Another intangible aspect where Modi holds the advantage in India's hectic political year ahead is his ability to paint a picture of the country where attitudes are being transformed. The prime minister often dons the hat of a paternalistic school teacher tutoring the nation about the virtues of civic duties of cleanliness and selfless service, and championing a minimal state which empowers ordinary people instead of tying them down in a web of dependence.

His campaigns to end subsidies and encourage entrepreneurship among India's bulging youth cohort contrast with rival parties, which are steeped in the old "welfare handout" culture and patronage politics.

While pro-business policies had been in vogue prior to Modi's advent, he has deregulated the economy much more and triggered a staggering 30-point jump in 2017 in the World Bank's Ease of Doing Business rating for India. It is now ranked at 100 out of 190 countries.

Still, Modi has been cautious in tilting India in a liberal economic direction. He is rolling out a huge new health insurance scheme for the poor labeled "Modicare" which could cost $1.7 billion per annum. The notion that one must "appease" downtrodden voters with freebies and goodies is so ingrained in India that Modi is not averse to using some of these populist instruments, especially with the national elections on the horizon.

In foreign policy, Modi is instinctively bolder and more ambitious than his predecessors. He has furthered India's strategic partnership with the U.S., Japan and Israel by crossing established red lines and demonstrated an affinity for risk-taking in dealing with cantankerous neighbors Pakistan and China.

He has educated India's historically inward-oriented masses about the value of engaging fully in world affairs and positioning India as a "leading power" in the international order. His knack in selling the India story abroad and to attract phenomenal amounts of foreign direct investment for India's growth are acknowledged by a large swathe of Indian people.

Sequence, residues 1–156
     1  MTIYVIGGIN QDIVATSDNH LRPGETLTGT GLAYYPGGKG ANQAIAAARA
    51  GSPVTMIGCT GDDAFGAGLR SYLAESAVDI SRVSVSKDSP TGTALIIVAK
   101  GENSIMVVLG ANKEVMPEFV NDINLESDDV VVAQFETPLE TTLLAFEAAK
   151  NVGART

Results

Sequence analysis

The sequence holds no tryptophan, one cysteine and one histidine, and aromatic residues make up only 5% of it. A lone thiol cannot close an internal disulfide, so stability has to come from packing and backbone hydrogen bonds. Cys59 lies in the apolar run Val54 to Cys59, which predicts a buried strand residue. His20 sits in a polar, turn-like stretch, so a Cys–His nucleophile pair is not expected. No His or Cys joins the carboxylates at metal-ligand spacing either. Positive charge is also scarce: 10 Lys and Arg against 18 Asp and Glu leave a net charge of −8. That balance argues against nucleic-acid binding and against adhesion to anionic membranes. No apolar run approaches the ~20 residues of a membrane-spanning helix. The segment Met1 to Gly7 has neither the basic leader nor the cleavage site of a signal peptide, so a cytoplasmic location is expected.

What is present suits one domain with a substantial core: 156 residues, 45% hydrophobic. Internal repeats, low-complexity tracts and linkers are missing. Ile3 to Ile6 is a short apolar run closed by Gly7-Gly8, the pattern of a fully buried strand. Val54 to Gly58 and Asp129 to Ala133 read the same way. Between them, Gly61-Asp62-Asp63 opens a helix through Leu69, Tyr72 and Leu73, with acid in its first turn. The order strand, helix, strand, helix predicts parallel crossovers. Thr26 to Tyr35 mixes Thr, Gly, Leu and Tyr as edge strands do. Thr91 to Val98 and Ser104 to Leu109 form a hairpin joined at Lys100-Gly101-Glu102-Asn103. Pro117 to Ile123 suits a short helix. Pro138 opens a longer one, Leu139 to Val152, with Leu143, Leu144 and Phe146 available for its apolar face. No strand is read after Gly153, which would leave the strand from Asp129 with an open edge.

Habitually status-conscious Indians have responded positively to Modi's ambitious foreign policymaking. A new opinion poll by the online social platform LocalCircles in May 2018 finds 82% of respondents concurring that "India's image and influence in the world has improved" under Modi. With national elections approaching, Modi will project an India that is stronger, braver and smarter in diplomacy.

Avoiding conflict escalation with President Xi Jinping's assertive China through strategic readjustments, and underplaying fundamental discord with U.S. President Donald Trump's economic nationalism, while ratcheting up robust military responses to terrorism emanating from Pakistan, will likely be the winning foreign policy combination as Modi eyes the 2019 elections.

In India, ruling parties can afford to govern on the basis of manifestos and ideologies for four years but ultimately tend to descend into catch-all politicking and wooing of voters in their fifth year to get reelected. Modi has thus far carefully and skillfully honed his reputation as an economic reformer and a global statesman, but everything he does in domestic and international spheres from now on will be interpreted from the prism of the general elections of 2019.

The BJP has been accused of hubris, complacency and over-reliance on Modi's individual charisma. The prime minister's imposing personality and his unparalleled mass communication skills have covered weaknesses of his party in various states of India. Election results coming every few months from states going to the ballot box suggest that nothing less than a herculean national narrative from Modi will be needed to keep the faith of the bulk of India's complex, regionally attuned electorate decisively in the BJP's camp.

He has to convince voters segmented by caste, religion and language to rise above considerations of ethnicity and province and envisage who they want to see as their national leader when it comes to national elections. The macro picture is where Modi is ahead of his peers and he would be playing to his strengths in the general election with a heavy dose of nationalism. Whether this overarching national message can override local frustrations and disappointments is the moot question.

The odds are that he can pull it off in 2019, but arduous groundwork is required.

Sreeram Chaulia is a professor and dean at the Jindal School of International Affairs in Sonipat, India. His most recent book is "Modi Doctrine: The Foreign Policy of India's Prime Minister."